The idea of equal pay and equal opportunity for equal work is Marxist?
Ron Carey

The problem you are missing here is that it creates a loop. I’m going to ignore the idea that people will do terrible jobs for lots of extra pay, because there are many jobs that people will not do if they can avoid it without an extravagant amount of pay, far beyond what is possible, but I will brush that aside to start with.

We can start with the simple case of McDonald’s. The working conditions are not great, and you flip burgers. UBI starts, and people demand more people or they leave, because it’s not worth their time. You have multiple things happening — one, more people start working part time to an extreme, as a contractor-styled economy, and two, the prices at McDonald’s will have to rise to compensate.

Now that McDonald’s prices are rising — the same thing would happen across the board. Now all these crap annoying jobs have to raise their payment rates, and thus raise their prices. Now suddenly, commodities like bread have doubled in price.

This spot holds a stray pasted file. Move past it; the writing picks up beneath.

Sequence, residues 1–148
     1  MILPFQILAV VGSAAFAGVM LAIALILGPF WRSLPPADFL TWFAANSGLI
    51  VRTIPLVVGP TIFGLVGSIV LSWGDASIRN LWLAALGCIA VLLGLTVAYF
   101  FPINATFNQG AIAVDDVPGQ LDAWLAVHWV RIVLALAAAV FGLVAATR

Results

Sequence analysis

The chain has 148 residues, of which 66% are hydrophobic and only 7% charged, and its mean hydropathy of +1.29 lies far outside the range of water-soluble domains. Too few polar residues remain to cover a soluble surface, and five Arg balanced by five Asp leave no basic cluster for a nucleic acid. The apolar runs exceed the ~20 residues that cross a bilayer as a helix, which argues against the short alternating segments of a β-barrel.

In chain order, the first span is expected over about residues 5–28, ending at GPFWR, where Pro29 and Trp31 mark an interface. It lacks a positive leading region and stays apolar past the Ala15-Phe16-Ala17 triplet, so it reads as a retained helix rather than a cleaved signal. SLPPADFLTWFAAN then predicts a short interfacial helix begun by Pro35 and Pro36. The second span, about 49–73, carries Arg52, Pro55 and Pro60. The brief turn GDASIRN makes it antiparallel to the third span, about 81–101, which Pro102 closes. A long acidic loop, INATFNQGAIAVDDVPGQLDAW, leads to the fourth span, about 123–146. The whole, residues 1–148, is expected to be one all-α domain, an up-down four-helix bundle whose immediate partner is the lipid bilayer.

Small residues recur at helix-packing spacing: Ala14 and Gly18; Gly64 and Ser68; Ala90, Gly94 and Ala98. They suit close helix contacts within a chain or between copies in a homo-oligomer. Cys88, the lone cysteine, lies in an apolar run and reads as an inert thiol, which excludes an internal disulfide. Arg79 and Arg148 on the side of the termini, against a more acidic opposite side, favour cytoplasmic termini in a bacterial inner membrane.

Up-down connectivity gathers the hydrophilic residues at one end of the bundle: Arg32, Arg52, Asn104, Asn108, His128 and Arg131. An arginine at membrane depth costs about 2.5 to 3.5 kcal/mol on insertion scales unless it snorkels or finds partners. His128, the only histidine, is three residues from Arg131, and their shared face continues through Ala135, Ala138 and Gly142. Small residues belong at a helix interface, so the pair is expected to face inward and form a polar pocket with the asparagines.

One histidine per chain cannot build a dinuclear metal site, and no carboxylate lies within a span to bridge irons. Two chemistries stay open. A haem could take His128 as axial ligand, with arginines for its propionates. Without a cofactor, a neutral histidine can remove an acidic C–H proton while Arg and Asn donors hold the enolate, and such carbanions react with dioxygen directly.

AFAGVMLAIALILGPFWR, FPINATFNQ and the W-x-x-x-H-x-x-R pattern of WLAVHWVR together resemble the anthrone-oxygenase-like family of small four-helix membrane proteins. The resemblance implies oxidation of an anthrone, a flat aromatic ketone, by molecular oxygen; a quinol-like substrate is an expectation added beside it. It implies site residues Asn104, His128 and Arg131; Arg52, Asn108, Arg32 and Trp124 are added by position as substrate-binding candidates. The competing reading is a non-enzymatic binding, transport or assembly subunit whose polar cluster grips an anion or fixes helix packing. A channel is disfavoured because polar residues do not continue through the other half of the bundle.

What happens to the UBI? It was enough to cover rent and food, but now it isn’t. Do you increase the UBI?

The loop starts, and doesn’t end, because UBI is trying to create value from nothing.

The only way out is full automation, and we cannot have a UBI until automation is truly in our society. Automating fast food cashiering is not automating our society, because we have so many critical jobs that cannot be automated — even simple ones such as plumbing, construction, electrical work, remodeling, miscellaneous things like that.

As we progress in society, UBI is a valid thought process for later — but not now. It is only a thought process to be considered when we have excess automation to handle all of society, and we can let a significant portion of the population do essentially nothing.

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